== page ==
Coral Lozada is a post-doctoral research associate working in the Community Resilience group. Her doctoral project focused on understanding the livelihood transitions of communities across the Gulf of Mexico. Coral’s research interests include co-productive methods for tackling coastal and marine resource problems, intersectional environmentalism, and environmental justice issues across the Gulf of Mexico. Her current projects expand on her doctoral dissertation through the use of mixed methods research approaches to help understand how different coastal communities are adapting and handling livelihood changes.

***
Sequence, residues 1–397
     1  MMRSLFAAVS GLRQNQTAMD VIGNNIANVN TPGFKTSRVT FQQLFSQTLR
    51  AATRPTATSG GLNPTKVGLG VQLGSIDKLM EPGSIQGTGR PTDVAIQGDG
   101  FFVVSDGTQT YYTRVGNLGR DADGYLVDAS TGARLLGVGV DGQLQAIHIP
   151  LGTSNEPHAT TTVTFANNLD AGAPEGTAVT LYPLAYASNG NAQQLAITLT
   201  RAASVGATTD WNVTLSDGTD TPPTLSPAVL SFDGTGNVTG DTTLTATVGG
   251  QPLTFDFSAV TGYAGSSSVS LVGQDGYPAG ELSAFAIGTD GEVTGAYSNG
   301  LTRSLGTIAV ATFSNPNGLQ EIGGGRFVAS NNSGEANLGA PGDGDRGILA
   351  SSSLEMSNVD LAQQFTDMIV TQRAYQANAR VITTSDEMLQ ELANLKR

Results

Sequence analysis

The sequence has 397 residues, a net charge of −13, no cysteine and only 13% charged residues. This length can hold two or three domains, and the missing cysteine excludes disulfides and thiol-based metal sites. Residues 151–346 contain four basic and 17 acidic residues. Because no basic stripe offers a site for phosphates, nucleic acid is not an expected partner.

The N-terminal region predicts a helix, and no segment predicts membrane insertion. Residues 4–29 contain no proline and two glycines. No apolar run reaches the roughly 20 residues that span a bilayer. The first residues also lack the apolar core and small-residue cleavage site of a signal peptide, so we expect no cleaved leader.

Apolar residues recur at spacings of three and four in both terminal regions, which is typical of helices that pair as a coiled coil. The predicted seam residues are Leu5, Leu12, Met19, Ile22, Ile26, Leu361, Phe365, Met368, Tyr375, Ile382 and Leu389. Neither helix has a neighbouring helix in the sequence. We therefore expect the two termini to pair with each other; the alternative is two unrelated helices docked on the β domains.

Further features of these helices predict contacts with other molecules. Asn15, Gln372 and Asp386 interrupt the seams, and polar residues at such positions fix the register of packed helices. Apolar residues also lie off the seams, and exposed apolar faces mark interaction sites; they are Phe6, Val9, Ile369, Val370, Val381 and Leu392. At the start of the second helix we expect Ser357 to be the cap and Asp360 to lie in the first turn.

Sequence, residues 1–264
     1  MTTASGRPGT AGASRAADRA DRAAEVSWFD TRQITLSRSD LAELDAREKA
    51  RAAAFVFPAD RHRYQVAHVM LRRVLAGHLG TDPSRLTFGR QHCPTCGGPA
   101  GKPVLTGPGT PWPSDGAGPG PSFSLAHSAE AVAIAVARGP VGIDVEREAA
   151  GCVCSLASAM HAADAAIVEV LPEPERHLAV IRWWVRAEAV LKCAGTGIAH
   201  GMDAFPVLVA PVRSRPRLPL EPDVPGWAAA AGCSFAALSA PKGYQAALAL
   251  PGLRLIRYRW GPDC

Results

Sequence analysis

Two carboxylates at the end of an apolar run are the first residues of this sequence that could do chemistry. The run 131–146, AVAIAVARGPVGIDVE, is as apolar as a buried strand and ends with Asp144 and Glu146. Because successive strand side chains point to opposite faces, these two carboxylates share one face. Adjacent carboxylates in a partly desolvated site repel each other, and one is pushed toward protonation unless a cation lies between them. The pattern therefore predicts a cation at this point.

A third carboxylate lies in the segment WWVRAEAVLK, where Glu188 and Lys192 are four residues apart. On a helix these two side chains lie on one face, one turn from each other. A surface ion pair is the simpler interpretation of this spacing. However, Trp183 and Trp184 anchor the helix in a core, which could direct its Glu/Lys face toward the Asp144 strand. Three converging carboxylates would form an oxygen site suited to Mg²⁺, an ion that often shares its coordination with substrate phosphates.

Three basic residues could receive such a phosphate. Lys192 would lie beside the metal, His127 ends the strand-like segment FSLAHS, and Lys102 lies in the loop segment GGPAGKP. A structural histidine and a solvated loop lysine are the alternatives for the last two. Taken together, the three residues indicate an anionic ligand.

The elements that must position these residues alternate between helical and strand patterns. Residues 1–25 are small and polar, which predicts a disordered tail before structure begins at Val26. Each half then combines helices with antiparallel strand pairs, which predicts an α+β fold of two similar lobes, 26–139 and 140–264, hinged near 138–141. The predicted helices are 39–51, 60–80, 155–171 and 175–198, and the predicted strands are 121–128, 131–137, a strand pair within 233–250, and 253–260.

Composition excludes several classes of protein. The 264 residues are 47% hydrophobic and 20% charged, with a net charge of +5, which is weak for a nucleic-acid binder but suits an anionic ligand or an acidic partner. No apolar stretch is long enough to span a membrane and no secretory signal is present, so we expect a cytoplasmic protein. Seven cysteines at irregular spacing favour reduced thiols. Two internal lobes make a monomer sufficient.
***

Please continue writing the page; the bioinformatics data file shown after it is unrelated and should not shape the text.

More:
She received her M.S. in Fisheries and Mariculture in May 2016 at Texas A&M University-Corpus Christi and participated in the Master’s International Program (MI). The MI Program gave her the unique opportunity to work for 27 months as a Peace Corps Volunteer in Mexico. For 24 of those months she worked with the National Commission of Natural Protected Areas — the Mexican equivalent for the National Parks Service—at a Marine Protected Area and Natural Protected Area called Parque Islas Marietas.
In her down time, Coral enjoys reading, cooking as a form of connecting with her culture, playing Pathfinder, and loving on her dogs. She is always down to discuss books, coffee, and recipes.